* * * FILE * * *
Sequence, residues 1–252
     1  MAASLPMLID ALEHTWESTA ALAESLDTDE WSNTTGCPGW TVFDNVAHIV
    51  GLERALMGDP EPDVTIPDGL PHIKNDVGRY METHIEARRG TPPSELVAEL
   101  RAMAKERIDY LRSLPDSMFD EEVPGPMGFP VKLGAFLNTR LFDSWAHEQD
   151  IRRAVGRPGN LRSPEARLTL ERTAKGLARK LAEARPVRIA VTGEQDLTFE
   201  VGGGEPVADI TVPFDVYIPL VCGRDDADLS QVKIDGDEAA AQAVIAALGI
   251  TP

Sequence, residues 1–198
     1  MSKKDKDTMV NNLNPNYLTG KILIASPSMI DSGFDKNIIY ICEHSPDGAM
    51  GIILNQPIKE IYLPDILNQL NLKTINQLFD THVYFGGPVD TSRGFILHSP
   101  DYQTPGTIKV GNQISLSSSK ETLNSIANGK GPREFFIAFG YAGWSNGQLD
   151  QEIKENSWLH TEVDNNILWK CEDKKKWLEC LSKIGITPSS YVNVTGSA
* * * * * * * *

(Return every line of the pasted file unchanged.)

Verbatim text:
Sequence, residues 1–252
     1  MAASLPMLID ALEHTWESTA ALAESLDTDE WSNTTGCPGW TVFDNVAHIV
    51  GLERALMGDP EPDVTIPDGL PHIKNDVGRY METHIEARRG TPPSELVAEL
   101  RAMAKERIDY LRSLPDSMFD EEVPGPMGFP VKLGAFLNTR LFDSWAHEQD
   151  IRRAVGRPGN LRSPEARLTL ERTAKGLARK LAEARPVRIA VTGEQDLTFE
   201  VGGGEPVADI TVPFDVYIPL VCGRDDADLS QVKIDGDEAA AQAVIAALGI
   251  TP

Sequence, residues 1–198
     1  MSKKDKDTMV NNLNPNYLTG KILIASPSMI DSGFDKNIIY ICEHSPDGAM
    51  GIILNQPIKE IYLPDILNQL NLKTINQLFD THVYFGGPVD TSRGFILHSP
   101  DYQTPGTIKV GNQISLSSSK ETLNSIANGK GPREFFIAFG YAGWSNGQLD
   151  QEIKENSWLH TEVDNNILWK CEDKKKWLEC LSKIGITPSS YVNVTGSA